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She stoops to conquer

After reading She stoops to conquer, the most interesting thing to me was the title of the play. i found the whole play seemed to be tricks in order for one to gain some sort of benefit. For example, Kate decides to trick Marlow so that she can see who he really is when he is not “performing for a high class woman.In  the end though she sees Marlow is willing to change for one he loves and would be willing to go against social norms for love. So practically she lowered her social class and tricked Marlow just to see if he would be a good husband and mate. I was happy to see that it worked out well and didn’t end up being with someone completely modest and plain like her father had wanted for her. But found someone who when cleaned up was more to her liking. I think even her father realized towards the end that Marlow was indeed a good match. 
Tony is another, person who is very intriguing to me through out the play. In the beginning he seems to be not such a good person. But his mother seems to baby him and allows him to do as he wants. I still don’t know the real reason why Tony was so willing to help get Constance Neville and Hastings out of the house and wed. Was it because he disposed her so much that he’d rather help her to not deal with her? But then towards the end Tony goes to extreme measures to try and prove he’s not a bad person…One thing that really was odd to me was how the mother lied about Tonys age just to give him more time so he could eventually inherit the jewels. The mother is indeed a hinderer and that is just weird. can any one better describe Tony? 
Neville I thought it was a bit rude that it seemed like she wanted the jewels more than a happy marriage with Hastings. I felt like she was a bit like Marlow was in the beginning .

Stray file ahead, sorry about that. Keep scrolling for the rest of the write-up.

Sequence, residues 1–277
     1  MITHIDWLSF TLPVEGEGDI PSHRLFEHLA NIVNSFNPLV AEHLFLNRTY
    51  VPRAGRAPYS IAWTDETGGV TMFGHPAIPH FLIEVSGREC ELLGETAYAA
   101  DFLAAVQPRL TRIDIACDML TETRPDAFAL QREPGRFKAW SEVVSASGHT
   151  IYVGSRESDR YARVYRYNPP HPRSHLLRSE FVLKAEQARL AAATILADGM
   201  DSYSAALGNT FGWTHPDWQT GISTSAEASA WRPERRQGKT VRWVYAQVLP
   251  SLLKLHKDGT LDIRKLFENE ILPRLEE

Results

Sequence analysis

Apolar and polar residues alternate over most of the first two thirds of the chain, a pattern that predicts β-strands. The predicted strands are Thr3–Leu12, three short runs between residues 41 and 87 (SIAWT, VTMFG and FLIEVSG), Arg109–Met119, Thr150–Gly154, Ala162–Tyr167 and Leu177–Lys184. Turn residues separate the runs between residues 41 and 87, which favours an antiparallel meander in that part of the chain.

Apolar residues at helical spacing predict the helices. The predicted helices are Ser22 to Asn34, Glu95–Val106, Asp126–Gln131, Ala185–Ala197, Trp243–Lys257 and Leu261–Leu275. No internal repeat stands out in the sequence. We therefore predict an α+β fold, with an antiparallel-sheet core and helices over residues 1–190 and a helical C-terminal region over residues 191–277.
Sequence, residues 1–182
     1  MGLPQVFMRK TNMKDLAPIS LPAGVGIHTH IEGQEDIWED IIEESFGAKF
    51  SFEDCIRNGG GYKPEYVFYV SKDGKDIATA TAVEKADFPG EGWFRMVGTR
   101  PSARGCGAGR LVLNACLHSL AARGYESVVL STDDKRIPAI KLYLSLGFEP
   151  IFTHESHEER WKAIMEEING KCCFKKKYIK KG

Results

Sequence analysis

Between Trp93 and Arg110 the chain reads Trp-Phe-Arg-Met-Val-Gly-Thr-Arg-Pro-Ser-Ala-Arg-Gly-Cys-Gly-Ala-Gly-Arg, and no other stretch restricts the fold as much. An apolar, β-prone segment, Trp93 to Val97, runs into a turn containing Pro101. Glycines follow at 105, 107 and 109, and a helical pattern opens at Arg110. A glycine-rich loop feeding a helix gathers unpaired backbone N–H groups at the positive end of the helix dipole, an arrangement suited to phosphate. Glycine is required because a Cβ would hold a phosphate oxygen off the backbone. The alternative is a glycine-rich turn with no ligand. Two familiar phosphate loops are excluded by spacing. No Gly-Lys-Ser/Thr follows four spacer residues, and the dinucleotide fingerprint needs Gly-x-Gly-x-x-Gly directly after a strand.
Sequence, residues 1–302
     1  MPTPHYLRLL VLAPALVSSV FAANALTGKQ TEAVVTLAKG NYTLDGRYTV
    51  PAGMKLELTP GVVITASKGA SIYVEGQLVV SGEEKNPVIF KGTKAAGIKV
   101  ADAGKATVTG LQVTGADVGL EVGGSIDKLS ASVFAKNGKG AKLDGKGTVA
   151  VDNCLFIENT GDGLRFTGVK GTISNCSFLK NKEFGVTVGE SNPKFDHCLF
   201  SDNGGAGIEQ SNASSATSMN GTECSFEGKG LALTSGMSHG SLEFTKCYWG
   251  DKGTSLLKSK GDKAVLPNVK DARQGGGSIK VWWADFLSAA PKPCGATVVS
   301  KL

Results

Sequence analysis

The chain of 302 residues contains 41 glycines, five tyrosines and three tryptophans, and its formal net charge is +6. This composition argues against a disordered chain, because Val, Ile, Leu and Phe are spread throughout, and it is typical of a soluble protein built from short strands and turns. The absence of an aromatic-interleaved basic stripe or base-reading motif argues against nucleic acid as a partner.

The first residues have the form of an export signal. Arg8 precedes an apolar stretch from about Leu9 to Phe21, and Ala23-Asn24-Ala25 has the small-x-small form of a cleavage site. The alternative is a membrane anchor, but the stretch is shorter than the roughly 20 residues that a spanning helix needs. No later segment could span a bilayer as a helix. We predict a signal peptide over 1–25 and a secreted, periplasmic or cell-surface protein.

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One thought on “She stoops to conquer

  1. I really enjoyed reading this play. However, after reading the opening letter, and then the play, I began to question why the shift from the Sentimental comedy to the Laughable comedy. It was actually a really interesting read. I found several articles that spoke to the social and cultural changes that were transpiring.
    There were changes in the morals of the society that occurred as England moved from the Georgian era to the Victorian era. Pornagraphic material became more readily available, homosexuality became fashionable among gentleman, and contraception was being sold in Covent Garden (a redlight district that sprung up in the 18th century in what was once a central garden market). There was a major social shift occurring in the religious, and political arena which history has shown tends to have a dramatic effect on the entertainment industry.
    In this play the characters were not the honorable cast of the Sentimental comedies that had ruled the stage prior, but instead they were all morally flawed (in a sense more like real people than the characters in the Sentimental Comedies). The play seemed to revolve around the issues of deception and perception (lies and judgment). These are issues that have a great deal of relevance still today.
    In Literature, we often see a shift in popular trends based on what is happening at that moment in time. However, this brings me to the question of whether we should read something into the endurance of this play and the moral character of society and our relatability to the characters and their morality struggles? Or is this just an issue of laughable comedy being enjoyable?

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